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    Many non-disabled people take for granted their ability to choose when they receive help from others. Those with disabilities are often denied this choice, having minimal control over their lives. Increasing literature and research advocate that children with disabilities should be allowed choice-opportunities, as this is an essential component of becoming self-determined. Increasing access to choice has many benefits, including increasing enjoyment, confidence, assertiveness, motivation, and performance. Furthermore, it has been shown to decrease challenging and undesirable behaviour. The current project investigated the effects of providing choice to children with disabilities while participating in riding sessions at the Riding for the Disabled. Furthermore, it investigated whether the children could become more independent when completing riding related tasks. The mastery of two routines (mounting and dismounting) was analysed. All participants improved in their mastery of routines, and thus their independence increased. The hypothesis that with the provision of choice and increase in independence, the children would express higher levels of enjoyment was supported. Those who see providing choice as a deleterious concept fear that children with disabilities will make poor decisions. The project investigated the effect of choice opportunities on the level of risk that the children engaged in when performing riding activities. It was found that the children did not expose themselves to any unnecessary risk despite the increase in control they experienced while riding. An alternating treatment design was used for eight single-case studies. Dependent variables measured were expressions of enjoyment, inattention, undesirable behaviour, level of risk, mastery of routines, number of prompts needed, and incidents of crying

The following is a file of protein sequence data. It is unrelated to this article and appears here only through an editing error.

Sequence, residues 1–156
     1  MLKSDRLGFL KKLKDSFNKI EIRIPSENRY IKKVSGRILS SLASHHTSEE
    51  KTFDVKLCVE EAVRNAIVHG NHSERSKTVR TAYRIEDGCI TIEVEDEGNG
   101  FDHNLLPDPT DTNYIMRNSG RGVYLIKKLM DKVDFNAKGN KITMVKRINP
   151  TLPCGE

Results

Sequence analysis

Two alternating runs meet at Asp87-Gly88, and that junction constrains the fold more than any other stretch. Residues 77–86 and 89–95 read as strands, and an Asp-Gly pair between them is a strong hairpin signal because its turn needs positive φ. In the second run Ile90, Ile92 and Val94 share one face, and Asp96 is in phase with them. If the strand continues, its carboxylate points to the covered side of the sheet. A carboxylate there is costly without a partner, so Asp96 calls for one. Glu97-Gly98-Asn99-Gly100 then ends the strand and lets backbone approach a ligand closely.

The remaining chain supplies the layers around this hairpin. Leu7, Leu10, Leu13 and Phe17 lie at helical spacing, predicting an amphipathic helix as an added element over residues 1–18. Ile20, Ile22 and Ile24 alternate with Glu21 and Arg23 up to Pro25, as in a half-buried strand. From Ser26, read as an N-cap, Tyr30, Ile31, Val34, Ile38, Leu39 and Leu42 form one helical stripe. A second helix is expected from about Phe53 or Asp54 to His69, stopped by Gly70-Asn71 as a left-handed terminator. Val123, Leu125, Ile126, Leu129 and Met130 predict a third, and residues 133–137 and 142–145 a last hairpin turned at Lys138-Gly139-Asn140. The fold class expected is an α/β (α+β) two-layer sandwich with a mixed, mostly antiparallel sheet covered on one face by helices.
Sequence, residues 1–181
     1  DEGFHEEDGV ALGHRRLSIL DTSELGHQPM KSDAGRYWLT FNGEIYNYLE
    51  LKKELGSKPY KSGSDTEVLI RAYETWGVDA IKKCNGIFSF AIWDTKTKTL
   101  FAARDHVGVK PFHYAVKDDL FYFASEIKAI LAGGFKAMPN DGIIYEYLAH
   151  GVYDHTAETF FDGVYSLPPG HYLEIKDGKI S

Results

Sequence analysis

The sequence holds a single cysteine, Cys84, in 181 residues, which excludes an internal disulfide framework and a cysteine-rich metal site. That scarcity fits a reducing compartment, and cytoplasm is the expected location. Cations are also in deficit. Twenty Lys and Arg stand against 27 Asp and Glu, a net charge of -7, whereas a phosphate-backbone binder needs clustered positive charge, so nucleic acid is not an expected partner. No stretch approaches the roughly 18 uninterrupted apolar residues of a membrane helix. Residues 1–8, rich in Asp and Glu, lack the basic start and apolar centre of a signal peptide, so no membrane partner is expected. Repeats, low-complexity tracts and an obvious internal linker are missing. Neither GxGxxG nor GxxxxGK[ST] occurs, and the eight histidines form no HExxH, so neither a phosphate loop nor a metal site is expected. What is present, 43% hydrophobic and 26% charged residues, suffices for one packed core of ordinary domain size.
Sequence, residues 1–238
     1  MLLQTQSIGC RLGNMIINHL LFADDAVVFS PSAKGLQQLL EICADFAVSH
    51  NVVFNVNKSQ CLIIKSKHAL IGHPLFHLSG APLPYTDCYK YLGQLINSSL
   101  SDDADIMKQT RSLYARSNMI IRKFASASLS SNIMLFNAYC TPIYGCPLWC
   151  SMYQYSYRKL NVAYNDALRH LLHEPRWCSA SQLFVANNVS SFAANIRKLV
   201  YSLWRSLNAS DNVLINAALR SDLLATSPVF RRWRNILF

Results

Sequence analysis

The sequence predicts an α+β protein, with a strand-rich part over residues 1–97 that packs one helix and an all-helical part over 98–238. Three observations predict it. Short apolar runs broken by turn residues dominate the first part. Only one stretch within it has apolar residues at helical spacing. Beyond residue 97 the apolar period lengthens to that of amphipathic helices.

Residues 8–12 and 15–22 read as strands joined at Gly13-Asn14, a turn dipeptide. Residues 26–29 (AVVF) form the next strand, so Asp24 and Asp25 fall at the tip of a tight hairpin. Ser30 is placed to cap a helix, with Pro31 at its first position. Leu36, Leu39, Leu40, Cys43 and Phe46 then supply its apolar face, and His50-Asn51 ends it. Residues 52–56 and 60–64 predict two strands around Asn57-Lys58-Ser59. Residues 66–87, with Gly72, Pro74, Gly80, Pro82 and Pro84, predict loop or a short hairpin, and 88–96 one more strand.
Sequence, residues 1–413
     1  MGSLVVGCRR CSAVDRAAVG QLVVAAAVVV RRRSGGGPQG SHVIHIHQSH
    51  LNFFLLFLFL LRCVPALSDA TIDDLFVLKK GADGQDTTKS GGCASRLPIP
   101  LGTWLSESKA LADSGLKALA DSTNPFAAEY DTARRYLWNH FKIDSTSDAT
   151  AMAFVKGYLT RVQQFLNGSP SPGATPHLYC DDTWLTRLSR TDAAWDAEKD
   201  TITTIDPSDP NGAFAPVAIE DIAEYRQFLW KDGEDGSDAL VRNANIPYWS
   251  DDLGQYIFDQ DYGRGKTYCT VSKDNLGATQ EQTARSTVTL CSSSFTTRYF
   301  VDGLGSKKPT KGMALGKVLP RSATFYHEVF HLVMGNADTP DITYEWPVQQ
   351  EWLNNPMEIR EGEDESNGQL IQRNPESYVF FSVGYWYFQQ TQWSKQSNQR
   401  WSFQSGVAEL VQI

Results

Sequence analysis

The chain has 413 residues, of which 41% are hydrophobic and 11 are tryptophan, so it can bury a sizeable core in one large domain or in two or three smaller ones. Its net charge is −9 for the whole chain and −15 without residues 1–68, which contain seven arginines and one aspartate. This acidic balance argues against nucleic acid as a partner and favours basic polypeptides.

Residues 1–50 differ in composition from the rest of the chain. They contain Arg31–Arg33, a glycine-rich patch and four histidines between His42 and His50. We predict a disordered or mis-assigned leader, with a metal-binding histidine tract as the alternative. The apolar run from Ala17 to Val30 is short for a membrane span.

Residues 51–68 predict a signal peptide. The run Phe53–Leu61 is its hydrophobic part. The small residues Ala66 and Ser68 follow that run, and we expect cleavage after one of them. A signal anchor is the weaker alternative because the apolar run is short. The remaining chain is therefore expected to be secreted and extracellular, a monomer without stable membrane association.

Nonlinear state-observer techniques for sensorless control of automotive PMSM's, including load-torque estimation and saliency

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    The paper investigates various non-linear observer-based rotor position estimation schemes for sensorless control of permanent magnet synchronous motors (PMSMs). Attributes of particular importance to the application of brushless motors in the automotive sector, are considered e.g. implementation cost, accuracy of predictions during load transients, the impact of motor saliency and algorithm complexity. Emphasis is given to techniques based on model linearisation during each sampling period (EKF); feedback-linearisation followed by Luenberger observer design based on the resulting �linear� motor characteristics; and direct design of non-linear observers. Although the benefits of sensorless commutation of PMSMs have been well expounded in the literature, an integrated approach to their design for application to salient machines subject to load torque transients remains outstanding. Furthermore, this paper shows that the inherent characteristics of some non-linear observer structures are particularly attractive since they provide a phase-locked-loop (PLL)-type of configuration that can encourage stable rotor position estimation, thereby enhancing the overall sensorless scheme. Moreover, experimental results show how operation through, and from, zero speed, is readily obtainable. Experimental results are also employed to demonstrate the attributes of each methodology, and provide dynamic and computational performance comparisons

    Integrated series active filter for aerospace flight control surface actuation

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    The paper investigates integrated series active filters to satisfy aircraft power quality benchmarks and underlying design compromises. Advantages include reduced component count and retrofitting capability. Further insights into the merits of the proposed solution are included, along with representative results from a prototype system